Closing out their discussion on cardiovascular disease in prostate cancer, experts share their hopes for future evolution of the treatment landscape.
Maria Lopes, MD, MS: There’s definitely a huge need for education and for tailoring the appropriate treatment to the appropriate patient. We’re seeing a very rich pipeline in terms of more GNRH agents coming to market, beyond the agonists and antagonists that are oral, that are safer, and that have some clinically meaningful differentiation. [This includes] lowering cardiovascular [CV] risk, not just for men who have cardiovascular risk factors but for those who don’t, because age is already a risk factor. It’s an exciting time, but it starts with awareness. It starts with education around not just the risk itself but how meaningful the clinical differentiation is and how quickly the progression to the cardiac risk occurs and that degree of clinical differentiation. With safer alternatives within weeks, the curve starts separating in terms of cardiovascular risk reduction. There are alternative treatments and clinical differentiation, but we also have to highlight the unmet need through education, better risk-assessment tools, and shared decision support for providers and for patients and also for payers, so we understand the efficacy but also the safety and the potential implications for total cost of care.
Bhavesh Shah, RPh, BCOP: Historically, there’s not a single oncologist who doesn’t know the cardiovascular risk associated with patients with prostate cancer, with the therapies we give them. But we’ve seen historically that there’s conflicting evidence in terms of whether there’s an increased risk or it’s the same. [Or when there’s] not structured guidance when you have multiple organizations saying to do this or that. Not having uniform recommendations also brings out the wrong message to providers. There really needs to be this uniform, universal message across disciplines that there’s increased risk and here’s what you need to do. Maybe there are providers who know that there’s an existing cardiovascular risk, especially patients with preexisting cardiovascular risk. What do you do for them? What do you do for these patients besides instilling in them the fear of God that they’re going develop a cardiovascular event and they need to diet, they need to exercise, they need to stop smoking—all these lifestyle modifications. There are other interventions: is there room for using a drug that has a lower cardiotoxicity or lower cardiovascular-event concerns for patients with prostate cancer? I truly think that’s done through a randomized control trial or through real-world evidence that helps providers feel more comfortable. It’s not coming from meta-analysis or retrospective post-op analyses. It’s based on validated real-world evidence or randomized control trials.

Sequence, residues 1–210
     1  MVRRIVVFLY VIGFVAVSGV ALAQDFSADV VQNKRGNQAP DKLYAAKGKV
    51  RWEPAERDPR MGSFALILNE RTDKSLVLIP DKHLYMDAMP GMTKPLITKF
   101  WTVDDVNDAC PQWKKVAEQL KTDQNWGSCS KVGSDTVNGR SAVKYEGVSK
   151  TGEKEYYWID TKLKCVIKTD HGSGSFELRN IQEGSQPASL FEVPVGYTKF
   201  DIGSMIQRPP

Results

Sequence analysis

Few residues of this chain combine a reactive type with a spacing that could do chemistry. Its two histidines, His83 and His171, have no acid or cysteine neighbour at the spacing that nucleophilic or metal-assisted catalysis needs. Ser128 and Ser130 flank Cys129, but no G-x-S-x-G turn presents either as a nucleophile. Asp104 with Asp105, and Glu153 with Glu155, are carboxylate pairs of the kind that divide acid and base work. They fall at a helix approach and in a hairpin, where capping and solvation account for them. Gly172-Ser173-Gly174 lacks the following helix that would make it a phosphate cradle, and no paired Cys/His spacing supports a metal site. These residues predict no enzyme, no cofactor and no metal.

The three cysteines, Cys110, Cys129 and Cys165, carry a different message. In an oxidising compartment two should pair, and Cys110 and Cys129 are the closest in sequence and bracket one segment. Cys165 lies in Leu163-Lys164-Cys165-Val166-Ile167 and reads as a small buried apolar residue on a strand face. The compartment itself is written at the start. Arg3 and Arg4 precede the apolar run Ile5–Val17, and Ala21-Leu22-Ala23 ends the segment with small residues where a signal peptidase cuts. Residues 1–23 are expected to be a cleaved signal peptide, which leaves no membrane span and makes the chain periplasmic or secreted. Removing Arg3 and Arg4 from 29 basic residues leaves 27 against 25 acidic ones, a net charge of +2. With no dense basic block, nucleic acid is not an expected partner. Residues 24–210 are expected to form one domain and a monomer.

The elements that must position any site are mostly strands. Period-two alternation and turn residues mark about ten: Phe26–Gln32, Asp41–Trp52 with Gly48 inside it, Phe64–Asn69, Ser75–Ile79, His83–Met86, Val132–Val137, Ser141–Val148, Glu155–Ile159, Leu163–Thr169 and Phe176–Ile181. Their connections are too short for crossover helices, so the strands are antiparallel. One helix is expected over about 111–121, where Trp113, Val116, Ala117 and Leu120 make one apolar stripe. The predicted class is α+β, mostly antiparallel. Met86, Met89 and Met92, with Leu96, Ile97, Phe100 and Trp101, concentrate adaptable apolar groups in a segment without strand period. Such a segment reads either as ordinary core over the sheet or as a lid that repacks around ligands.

John L. Fox, MD, MHA: Is it likely in the near future that we’re going to have changes in how we manage prostate cancer with incorporation of cardiovascular risks into the treatment equation? I don’t know what’s going to change that. Until the NCCN [National Comprehensive Cancer Network], or the FDA, or somebody else comes out with a black-box warning that suggests we’re causing harm to patients, and that we should look for alternative strategies that reduce cardiovascular risk, it’s unlikely. It’s unfortunate. Absolutely. But I don’t see payers taking the lead in driving that, especially given the relative paucity of data. We would look to the FDA and the NCCN to take the leadership role in educating providers, medical oncologists, and urologists about CV risk and the relative treatment options that would mitigate that increased risk.
Transcript edited for clarity.